API Files E15 Brief with Supreme Court

Joanna Schroeder

The American Petroleum Institute (API) filed a brief with the Supreme Court this week regarding the Environmental Protection Agency’s (EPA) approval of a blend of E15, 15 percent ethanol and 85 percent gasoline.  API claims that the ethanol fuel blend has been shown to damage millions of cars on the road.

“E15 could leave millions of consumers with broken down cars and high repair bills,” said Bob Greco, API group downstream director. “It could also put motorists in harm’s way when vehicles break down in the middle of a busy highway. We are asking the Supreme Court to step in and protect consumers by striking down EPA’s dangerous E15 mandate before it’s too late. ”

ks-e15Greco went on to say that ethanol and other renewable fuels play an important role in our transportation fuel mix, but we cannot allow a mandate for ethanol that exceeds what is safe for consumers. He is asking for the EPA to immediately finalize the 2013 ethanol mandate and lower the 2014 mandate.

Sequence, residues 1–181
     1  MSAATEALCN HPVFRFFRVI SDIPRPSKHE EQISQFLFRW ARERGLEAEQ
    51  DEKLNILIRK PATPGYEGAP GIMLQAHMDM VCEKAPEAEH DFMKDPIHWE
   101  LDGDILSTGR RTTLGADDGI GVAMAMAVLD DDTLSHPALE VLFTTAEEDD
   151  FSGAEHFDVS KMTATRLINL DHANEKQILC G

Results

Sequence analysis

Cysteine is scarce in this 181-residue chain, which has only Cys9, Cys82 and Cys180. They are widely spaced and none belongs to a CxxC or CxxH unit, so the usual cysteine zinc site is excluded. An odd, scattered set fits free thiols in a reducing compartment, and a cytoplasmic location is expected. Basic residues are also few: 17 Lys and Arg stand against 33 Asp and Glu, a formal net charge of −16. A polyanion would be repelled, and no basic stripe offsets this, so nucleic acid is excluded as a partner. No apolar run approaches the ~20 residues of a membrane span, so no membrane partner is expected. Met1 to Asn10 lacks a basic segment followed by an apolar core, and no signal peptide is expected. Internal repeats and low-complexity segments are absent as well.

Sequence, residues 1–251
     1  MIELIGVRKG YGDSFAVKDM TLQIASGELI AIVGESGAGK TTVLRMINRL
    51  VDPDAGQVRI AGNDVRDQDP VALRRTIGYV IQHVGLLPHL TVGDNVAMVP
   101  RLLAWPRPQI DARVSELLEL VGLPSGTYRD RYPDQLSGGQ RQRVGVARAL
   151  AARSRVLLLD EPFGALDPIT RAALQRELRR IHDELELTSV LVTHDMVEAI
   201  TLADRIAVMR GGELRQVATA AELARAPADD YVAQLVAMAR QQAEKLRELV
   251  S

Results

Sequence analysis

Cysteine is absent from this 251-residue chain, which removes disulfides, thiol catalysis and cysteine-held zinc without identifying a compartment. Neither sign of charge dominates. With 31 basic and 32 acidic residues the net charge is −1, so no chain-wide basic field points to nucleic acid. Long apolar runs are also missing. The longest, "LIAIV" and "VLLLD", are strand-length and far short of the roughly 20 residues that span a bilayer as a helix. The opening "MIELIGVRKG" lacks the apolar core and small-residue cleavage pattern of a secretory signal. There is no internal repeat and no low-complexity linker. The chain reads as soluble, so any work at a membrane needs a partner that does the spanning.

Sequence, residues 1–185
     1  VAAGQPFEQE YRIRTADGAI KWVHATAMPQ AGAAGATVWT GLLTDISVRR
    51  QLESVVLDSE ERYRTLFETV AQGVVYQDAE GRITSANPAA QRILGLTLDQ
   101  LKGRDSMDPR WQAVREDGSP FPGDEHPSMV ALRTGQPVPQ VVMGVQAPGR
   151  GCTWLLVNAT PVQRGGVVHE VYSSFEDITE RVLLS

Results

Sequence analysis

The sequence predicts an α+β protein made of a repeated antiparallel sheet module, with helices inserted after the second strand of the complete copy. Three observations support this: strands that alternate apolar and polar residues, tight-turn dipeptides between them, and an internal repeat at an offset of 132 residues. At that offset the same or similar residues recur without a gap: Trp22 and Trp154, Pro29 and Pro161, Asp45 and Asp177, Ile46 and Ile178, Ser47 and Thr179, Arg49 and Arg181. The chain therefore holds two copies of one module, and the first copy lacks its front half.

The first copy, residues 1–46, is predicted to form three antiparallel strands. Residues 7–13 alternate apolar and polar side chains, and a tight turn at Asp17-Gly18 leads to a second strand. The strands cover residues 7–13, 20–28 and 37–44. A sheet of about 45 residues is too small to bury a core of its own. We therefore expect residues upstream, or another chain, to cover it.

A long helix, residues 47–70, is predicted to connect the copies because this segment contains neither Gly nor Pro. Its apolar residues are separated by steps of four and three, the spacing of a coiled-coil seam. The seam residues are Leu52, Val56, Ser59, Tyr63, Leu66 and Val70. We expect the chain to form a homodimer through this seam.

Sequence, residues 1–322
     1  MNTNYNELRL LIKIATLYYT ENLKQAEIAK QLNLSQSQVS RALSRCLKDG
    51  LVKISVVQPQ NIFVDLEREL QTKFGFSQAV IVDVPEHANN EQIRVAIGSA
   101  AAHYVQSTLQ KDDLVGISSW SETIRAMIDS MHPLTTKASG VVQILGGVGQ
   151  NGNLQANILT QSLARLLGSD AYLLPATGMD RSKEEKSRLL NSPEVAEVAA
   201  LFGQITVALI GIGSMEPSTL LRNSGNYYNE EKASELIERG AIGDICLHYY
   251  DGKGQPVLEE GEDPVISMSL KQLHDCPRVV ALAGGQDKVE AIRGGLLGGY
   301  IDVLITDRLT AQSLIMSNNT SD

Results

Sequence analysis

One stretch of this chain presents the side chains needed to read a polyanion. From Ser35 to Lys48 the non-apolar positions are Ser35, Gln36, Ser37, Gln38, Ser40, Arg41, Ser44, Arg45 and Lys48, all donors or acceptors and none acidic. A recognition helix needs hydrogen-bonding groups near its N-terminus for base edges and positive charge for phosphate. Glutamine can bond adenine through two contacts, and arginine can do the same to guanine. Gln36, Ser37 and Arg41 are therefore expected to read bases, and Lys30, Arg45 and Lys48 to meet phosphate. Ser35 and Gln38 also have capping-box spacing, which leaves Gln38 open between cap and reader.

The ethanol industry has been fighting claims that ethanol damages engines for many years even though E15 is the most tested fuel in the history of the U.S. Ron Lamberty, senior vice president for the American Coalition for Ethanol (ACE) said of API’s latest attempt: “API is basically presenting evidence to prove they will do whatever they can to keep from having to compete with any other fuels.”

“Big Oil will take any approach available to delay E15 implementation while continuing its public smear campaign against it,” continued Lamberty. “API’s press statement – ostensibly about their court petition – is instead a replay of anti-ethanol misinformation campaign “greatest hits” which have nothing to do with the legal issues continued in their appeal.”

Lamberty pointed out that EPA did its due diligence before approving E15. He concluded, “The DC Circuit Court was right to throw out Big Oil’s legal challenge, and the Supreme Court should reject this appeal as well.”

ACE, biofuels, E15, Ethanol